Mr. Washburn at the opening of the exhibit, showing his wife some details
Ansel Adams called him a "roving genius of mind and mountains." Traveling the world for eight decades, mountaineer, explorer, cartographer, and aerial photographer, Bradford Washburn has documented the landscape from, the Grand Canyon to the Alps, from Mount McKinley to Mount Everest.
Born in 1910, Brad had an early interest in photography, and by the time he was sixteen he was serious about taking pictures. As a child he suffered from hay fever, and while on a trip to Europe, with his family to do some climbing he found that the symptoms disappeared at high altitudes. Climbing and hiking became the relief from hay fever and combined with his interest in photography he began the focus of an extraordinary career in mountain photography.
Bradford Washburn served as director of the Boston Museum of Science for nearly forty years. He has produced numerous award-winning maps, including those of Mount Everest, Mount McKinley, the Grand Canyon, Mount Washington, and New Hampshire's Presidential Range. He performed pioneering research in the areas of aerial film, wireless communications, cold-weather search and rescue procedures for the United States Army Air Forces, and cold-weather survival techniques.
In 1999, a traveling exhibit of Washburn's photographs was shown at the Museum of Fine Arts in Boston. Clifford Ackley, curator of Prints Drawings and Photographs at the Museum, says this about Washburn's photographs. "While retaining their historical documentary value, they can nevertheless be appreciated for their surprising, sometimes dizzying, spaces; for the intricate interplay of light and shadow over pristine blankets of snow; for their revelation of natural textures and patterns of startlingly abstract beauty. Some of his photographs with their exhilarating, godlike overview of vast spaces convey a sense of infinity, while others, lacking a horizon, are tantalizingly disorienting, the actual scale of the subject or even its identity not being immediately apparent."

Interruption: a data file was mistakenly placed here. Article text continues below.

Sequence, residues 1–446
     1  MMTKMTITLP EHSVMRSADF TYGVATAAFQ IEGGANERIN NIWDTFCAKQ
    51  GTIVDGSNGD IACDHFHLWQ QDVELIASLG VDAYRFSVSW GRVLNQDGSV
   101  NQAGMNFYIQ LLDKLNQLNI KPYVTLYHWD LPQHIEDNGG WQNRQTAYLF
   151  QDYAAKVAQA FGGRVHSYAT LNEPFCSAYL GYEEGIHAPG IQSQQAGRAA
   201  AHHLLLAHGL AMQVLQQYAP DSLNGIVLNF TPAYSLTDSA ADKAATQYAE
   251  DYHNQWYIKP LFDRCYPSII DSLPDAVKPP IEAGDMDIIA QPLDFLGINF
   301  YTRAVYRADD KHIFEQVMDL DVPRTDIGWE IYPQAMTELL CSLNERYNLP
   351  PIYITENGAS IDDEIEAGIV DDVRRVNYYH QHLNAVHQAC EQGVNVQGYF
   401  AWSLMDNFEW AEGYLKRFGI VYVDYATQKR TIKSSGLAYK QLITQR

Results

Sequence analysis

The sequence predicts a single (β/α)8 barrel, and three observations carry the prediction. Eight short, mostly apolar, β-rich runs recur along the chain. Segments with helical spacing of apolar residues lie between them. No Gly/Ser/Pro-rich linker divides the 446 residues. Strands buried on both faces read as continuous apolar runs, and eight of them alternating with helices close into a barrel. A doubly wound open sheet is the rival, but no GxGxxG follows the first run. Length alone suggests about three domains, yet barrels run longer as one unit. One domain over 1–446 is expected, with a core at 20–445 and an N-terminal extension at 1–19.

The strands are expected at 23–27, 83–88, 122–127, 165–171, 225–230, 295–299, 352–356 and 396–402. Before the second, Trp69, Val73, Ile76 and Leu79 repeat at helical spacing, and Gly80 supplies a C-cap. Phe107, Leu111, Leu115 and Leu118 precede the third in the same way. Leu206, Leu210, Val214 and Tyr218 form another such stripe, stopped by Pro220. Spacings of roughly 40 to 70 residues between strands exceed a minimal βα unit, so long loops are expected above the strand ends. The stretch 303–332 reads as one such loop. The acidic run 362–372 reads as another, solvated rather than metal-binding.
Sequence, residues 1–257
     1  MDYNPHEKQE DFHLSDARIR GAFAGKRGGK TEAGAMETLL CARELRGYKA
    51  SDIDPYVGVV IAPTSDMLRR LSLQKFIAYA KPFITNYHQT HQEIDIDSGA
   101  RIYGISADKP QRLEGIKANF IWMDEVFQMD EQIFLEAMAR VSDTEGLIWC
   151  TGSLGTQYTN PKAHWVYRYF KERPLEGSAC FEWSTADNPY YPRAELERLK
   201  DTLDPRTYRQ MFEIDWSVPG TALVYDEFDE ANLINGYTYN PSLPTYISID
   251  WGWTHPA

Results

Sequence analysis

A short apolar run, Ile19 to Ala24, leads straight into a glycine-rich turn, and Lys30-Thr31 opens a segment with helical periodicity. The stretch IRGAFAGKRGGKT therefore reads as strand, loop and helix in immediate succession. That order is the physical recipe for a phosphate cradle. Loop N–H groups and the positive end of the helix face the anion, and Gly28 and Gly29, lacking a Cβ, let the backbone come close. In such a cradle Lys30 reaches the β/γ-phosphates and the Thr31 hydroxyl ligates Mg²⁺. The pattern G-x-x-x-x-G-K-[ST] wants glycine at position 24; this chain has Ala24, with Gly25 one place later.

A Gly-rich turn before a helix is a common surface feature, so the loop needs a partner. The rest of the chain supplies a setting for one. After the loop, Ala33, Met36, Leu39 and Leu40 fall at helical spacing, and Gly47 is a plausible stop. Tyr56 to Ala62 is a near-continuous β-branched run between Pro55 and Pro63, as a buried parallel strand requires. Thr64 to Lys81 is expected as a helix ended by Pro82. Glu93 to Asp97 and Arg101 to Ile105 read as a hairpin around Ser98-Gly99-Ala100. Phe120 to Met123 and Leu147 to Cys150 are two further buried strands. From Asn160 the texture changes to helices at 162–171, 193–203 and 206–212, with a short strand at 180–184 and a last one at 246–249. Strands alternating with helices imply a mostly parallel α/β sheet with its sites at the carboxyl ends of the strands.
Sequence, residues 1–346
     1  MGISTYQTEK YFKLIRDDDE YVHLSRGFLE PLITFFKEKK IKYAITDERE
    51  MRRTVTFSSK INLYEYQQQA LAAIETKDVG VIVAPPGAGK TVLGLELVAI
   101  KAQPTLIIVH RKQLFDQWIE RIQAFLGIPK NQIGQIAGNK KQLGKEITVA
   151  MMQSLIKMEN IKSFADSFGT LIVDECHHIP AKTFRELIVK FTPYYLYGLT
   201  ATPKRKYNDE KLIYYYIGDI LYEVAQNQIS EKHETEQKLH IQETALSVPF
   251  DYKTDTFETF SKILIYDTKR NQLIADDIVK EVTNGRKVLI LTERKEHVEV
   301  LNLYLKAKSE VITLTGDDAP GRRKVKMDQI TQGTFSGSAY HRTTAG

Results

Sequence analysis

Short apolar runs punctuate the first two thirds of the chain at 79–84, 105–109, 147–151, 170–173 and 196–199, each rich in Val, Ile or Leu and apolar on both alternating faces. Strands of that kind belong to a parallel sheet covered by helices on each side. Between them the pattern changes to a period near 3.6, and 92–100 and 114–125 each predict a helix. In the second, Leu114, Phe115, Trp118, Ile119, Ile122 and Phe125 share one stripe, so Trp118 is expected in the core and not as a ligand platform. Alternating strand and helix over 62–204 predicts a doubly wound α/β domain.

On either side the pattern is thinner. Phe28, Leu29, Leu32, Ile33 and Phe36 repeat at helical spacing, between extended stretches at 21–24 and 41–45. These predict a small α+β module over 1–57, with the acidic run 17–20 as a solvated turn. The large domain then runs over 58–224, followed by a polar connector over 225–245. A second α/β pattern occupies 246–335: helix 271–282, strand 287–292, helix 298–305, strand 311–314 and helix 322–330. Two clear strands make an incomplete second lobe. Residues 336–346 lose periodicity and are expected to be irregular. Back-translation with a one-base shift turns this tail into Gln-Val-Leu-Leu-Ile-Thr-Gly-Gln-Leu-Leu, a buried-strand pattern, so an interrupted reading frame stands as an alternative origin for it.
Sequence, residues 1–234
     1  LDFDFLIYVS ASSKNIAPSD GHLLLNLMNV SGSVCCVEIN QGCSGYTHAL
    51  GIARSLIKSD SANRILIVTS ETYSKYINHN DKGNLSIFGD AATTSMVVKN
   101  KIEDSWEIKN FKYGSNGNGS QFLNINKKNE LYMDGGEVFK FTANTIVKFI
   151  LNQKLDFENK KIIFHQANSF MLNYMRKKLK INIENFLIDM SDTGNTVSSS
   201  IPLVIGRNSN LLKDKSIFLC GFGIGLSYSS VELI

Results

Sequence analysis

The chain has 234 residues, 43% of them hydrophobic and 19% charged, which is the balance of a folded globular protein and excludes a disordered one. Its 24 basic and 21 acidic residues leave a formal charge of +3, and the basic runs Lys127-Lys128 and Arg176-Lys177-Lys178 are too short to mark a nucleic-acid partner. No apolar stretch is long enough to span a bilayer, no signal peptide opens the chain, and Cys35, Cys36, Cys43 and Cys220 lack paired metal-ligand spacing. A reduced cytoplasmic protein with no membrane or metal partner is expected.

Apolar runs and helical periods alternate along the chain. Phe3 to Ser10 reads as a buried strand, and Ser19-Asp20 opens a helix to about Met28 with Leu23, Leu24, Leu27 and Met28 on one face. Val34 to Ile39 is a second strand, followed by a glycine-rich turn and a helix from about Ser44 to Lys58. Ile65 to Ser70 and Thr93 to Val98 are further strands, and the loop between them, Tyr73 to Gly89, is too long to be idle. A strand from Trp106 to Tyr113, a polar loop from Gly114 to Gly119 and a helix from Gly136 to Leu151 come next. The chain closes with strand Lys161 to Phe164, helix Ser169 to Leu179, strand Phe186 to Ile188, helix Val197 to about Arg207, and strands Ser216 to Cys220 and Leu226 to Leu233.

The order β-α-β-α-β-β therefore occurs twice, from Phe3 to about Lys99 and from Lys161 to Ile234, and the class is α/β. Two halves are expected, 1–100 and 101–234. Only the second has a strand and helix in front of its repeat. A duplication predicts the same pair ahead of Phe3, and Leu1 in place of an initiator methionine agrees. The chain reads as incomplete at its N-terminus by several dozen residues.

Bradford Washburn is exclusively represented by Panopticon Gallery, recently moved to 435 Moody Street, Waltham Massachusetts 02453. For information please call 781-647-0100.
This exhibit was arranged with the cooperation of Anthony Decaneas, Panopticon Gallery.
All images copyright © Bradford Washburn 1999.
About the Mary Jo Rines Gallery At First Parish
The Gallery At First Parish opened September 17, 2000.
On September 13, 2011, the Standing Committee voted to name the Gallery in
honor of its founder,
Its purpose, as described by the founders:
The mission of The Gallery At First Parish is to add another dimension
The Gallery is intended to be a service to the parish, the artist and the
Mary Jo Rines
Betty Lou Marple
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Created: Sep 2, 2000 | Modified: Thu, Nov 9, 2000